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Faustino VII Tempranillo 2010

Tempranillo from Rioja, Spain
  • WS88
12.5% ABV
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12.5% ABV

Winemaker Notes

Lively red, shading to ochre. Hints of vanilla and ripe red berry fruit. Well-balanced, velvety, elegant.

Critical Acclaim

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WS 88
Wine Spectator
Flavors of cherry, tobacco and light earth remain harmonious through the spicy finish in this polished red. Moderate tannins and balsamic acidity impart balance. A traditional style.
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Faustino

Faustino

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Faustino, Rioja, Spain
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In the mid 1800s, Eleuterio Martinez Arzok took his first steps toward establishing himself as a producer and merchant of wines from the Rioja region of Spain. He started out by selling his wines in the Rioja and Basque regions, direct from the barrel. Much has changed since then and the winery he founded has since become known as one of the premier fine wine producers of the Rioja region.

In the late 1950s, his similarly adventurous descendant, Julio Faustino Martinez, launched the family-owned label in both national and international markets. Today, Bodegas Faustino is Rioja's largest exporter of Gran Reserva wines. The winner of numerous awards and gold medals in international competitions and tastings, Bodegas Faustino is a proud custodian of the Rioja region's growing international reputation as a source of truly world-class fine wines.

With 1600 acres of its own vineyards, Faustino is self-sufficient in producing its Reserva and Gran Reserva wines. The vineyards are located in the upper part of Rioja Alavesa at an altitude of between 1500 and 1800 feet. The climate is cool, influenced by the Atlantic Ocean, and the vines thrive in the chalky soil. The state-of-the-art Faustino winery has a stock of 45,000 barriques, 80% of which are American oak. The winery maintains a permanent stock of 9 million bottles of Reserva and Gran Reserva wines.

Highly regarded for distinctive and age-worthy red wines, Rioja is Spain’s most celebrated wine region. Made up of three different sub-regions of varying elevation: Rioja Alta, Rioja Alavesa and Rioja Baja. Wines are typically a blend of fruit from all three, although single-zone wines are beginning to gain in popularity. Rioja Alta, at the highest elevation, is considered to be the source of the brightest, most elegant fruit, while grapes from the warmer and drier Rioja Baja produce wines with deep color and higher alcohol, which can add great body and richness to a blend.

Fresh and fruity Riojas labeled, Joven, (meaning young) see minimal aging before release, but more serious Rioja wines undergo multiple years in oak. Crianza and Reserva styles are aged around six months to one year in oak, and Gran Reserva at least two (plus three years in bottle), but in practice this maturation period is often quite a bit longer—up to about fifteen years.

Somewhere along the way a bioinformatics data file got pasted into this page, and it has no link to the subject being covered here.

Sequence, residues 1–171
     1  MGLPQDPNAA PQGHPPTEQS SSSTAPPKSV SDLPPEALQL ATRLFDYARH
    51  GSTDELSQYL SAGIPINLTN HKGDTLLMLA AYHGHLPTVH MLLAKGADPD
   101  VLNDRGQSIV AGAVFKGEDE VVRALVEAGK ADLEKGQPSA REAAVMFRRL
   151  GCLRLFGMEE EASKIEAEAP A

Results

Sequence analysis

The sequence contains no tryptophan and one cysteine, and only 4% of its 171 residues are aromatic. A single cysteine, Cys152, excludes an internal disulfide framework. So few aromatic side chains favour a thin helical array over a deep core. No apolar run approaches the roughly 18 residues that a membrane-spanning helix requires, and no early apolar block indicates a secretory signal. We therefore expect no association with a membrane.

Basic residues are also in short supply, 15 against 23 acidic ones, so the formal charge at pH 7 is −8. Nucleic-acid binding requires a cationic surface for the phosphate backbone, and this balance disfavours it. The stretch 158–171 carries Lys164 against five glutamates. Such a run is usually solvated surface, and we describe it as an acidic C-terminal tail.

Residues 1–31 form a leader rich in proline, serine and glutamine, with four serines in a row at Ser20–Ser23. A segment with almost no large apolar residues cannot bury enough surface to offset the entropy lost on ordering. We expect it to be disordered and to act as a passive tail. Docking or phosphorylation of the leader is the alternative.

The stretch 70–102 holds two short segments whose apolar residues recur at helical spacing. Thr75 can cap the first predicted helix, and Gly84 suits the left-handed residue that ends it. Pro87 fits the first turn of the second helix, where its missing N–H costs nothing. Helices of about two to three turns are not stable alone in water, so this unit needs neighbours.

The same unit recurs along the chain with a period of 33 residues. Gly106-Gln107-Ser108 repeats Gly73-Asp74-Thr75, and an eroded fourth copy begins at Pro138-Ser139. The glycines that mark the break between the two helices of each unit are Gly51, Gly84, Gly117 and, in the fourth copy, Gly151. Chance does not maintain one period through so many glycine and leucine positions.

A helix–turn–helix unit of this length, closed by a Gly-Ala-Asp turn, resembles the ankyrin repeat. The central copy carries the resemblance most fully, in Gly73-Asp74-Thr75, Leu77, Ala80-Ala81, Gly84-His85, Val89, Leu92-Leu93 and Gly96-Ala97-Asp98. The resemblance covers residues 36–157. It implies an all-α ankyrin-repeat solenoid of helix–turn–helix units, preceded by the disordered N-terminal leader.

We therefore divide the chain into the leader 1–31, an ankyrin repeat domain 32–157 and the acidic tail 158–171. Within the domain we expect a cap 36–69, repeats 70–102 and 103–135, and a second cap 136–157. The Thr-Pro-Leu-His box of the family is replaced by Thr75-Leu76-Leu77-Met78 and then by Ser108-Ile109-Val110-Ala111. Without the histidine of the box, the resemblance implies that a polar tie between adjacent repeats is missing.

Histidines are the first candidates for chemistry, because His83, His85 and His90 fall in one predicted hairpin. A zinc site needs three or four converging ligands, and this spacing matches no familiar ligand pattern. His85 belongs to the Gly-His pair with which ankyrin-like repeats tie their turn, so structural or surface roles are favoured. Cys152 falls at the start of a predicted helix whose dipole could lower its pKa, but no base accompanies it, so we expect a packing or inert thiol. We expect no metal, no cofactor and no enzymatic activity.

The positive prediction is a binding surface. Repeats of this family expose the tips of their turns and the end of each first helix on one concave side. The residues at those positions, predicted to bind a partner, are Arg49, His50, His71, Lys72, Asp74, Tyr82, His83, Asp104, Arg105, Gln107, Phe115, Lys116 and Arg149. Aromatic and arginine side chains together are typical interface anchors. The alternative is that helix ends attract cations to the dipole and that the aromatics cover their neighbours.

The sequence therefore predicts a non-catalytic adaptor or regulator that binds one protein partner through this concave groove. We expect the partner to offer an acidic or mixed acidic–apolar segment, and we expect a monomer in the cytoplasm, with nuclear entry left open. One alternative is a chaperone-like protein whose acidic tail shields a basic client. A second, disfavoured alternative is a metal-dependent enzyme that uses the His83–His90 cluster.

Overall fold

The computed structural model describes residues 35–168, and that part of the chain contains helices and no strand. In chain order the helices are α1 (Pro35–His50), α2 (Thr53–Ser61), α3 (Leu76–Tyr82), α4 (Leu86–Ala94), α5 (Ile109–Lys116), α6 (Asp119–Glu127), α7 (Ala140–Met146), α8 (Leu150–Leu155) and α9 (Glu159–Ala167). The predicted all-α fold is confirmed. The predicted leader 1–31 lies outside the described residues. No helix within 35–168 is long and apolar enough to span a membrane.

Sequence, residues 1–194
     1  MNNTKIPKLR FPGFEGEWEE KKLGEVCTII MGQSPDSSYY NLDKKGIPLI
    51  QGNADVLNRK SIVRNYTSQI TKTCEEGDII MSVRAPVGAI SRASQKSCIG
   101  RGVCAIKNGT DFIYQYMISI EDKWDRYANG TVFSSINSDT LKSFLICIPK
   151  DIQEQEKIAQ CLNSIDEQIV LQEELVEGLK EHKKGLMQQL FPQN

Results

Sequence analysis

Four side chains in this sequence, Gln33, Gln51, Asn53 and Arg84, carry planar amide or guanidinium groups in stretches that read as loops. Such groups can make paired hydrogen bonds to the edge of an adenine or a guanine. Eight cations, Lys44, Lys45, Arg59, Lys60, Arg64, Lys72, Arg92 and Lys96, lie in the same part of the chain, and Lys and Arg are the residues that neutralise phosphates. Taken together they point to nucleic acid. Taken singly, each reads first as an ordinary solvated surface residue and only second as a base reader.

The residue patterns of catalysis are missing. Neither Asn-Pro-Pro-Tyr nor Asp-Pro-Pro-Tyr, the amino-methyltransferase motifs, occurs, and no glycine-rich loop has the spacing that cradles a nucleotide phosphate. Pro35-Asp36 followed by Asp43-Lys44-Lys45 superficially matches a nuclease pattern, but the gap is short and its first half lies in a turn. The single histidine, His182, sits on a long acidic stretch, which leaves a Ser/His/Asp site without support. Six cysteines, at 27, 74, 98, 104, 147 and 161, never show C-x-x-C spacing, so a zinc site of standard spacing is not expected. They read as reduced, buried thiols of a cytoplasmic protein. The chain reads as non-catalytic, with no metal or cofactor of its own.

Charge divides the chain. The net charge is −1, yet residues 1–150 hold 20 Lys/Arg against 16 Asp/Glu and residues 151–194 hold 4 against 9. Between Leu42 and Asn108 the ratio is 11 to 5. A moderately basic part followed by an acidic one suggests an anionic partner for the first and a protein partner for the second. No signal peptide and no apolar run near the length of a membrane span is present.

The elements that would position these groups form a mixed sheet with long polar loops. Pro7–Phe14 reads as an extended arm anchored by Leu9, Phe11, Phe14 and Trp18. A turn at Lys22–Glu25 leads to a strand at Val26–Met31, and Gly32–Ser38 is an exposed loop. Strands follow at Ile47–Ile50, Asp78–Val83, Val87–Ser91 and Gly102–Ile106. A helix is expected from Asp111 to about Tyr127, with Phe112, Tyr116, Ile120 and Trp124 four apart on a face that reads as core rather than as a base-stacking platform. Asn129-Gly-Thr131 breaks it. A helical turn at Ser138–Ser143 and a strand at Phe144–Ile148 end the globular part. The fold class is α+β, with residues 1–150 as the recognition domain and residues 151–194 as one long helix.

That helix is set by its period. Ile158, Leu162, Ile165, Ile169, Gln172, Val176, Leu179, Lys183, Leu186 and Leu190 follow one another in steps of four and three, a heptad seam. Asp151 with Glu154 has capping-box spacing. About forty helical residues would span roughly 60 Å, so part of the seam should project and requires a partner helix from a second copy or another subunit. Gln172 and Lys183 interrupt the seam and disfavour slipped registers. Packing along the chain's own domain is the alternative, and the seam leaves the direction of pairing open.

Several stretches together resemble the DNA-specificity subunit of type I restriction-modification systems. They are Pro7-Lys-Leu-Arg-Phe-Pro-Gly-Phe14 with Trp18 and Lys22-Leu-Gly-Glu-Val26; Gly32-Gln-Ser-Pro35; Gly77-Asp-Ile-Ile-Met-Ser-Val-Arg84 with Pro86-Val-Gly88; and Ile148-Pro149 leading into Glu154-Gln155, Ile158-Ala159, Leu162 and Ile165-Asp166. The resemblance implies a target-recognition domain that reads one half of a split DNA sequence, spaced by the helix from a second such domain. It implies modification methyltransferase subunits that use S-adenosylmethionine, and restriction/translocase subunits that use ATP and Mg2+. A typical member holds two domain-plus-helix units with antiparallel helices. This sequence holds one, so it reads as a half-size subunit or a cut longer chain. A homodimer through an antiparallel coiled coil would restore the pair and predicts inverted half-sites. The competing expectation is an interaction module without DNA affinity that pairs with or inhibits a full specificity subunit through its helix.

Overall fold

Tempranillo provides the backbone of Rioja red wines, adding complex notes of red and black fruit, leather, toast and tobacco, while Garnacha supplies body. In smaller percentages, Graciano and Mazuelo (Carignan) often serve as “seasoning” with additional flavors and aromas. These same varieties are responsible for flavorful dry rosés.

White wines, typically balancing freshness with complexity, are made mostly from crisp, fresh Viura. Some whites are blends of Viura with aromatic Malvasia, and then barrel fermented and aged to make a more ample, richer style of white.

Tempranillo

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Notoriously food-friendly with soft tannins, modest alcohol, and bright acidity, Tempranillo is the star of Spain’s Rioja and Ribera del Duero regions. It is important throughout Spain as well as in Portugal, where it is known as Tinta Roriz and is an important component of Port wines and the table wines of the Douro region that Port calls home. California, Washington, and Oregon have all had moderate success with Tempranillo, producing a riper, more fruit-forward style of wine.

In the Glass

Tempranillo is often aged in new oak for the integration of spicy, woodsy, and herbal flavors, often with hints of vanilla, coconut, and dill. The grape itself produces medium-weight reds with bright red and black fruit aromas and hints of spice, leather, and tobacco, with no shortage of flavor.

Perfect Pairings

Tempranillo’s modest, fine-grained tannins and bright acidity make it extremely food friendly, pairing with a wide variety of Spanish-inspired dishes—especially grilled lamb chops, a rich chorizo and bean stew, or paella.

Sommelier Secret

The Spanish take their oak aging requirements very seriously, especially in Rioja. There, a system is in place to indicate on the label how much time the wine has spent in both barrel and bottle before release, which is helpful to the consumer trying to determine the style of an unfamiliar wine. Rioja can range from Joven (fresh, fruity, and unoaked) to Gran Reserva (complex and oxidized from extended barrel aging), with Crianza and Reserva in between.

RPT41900396_2010 Item# 119311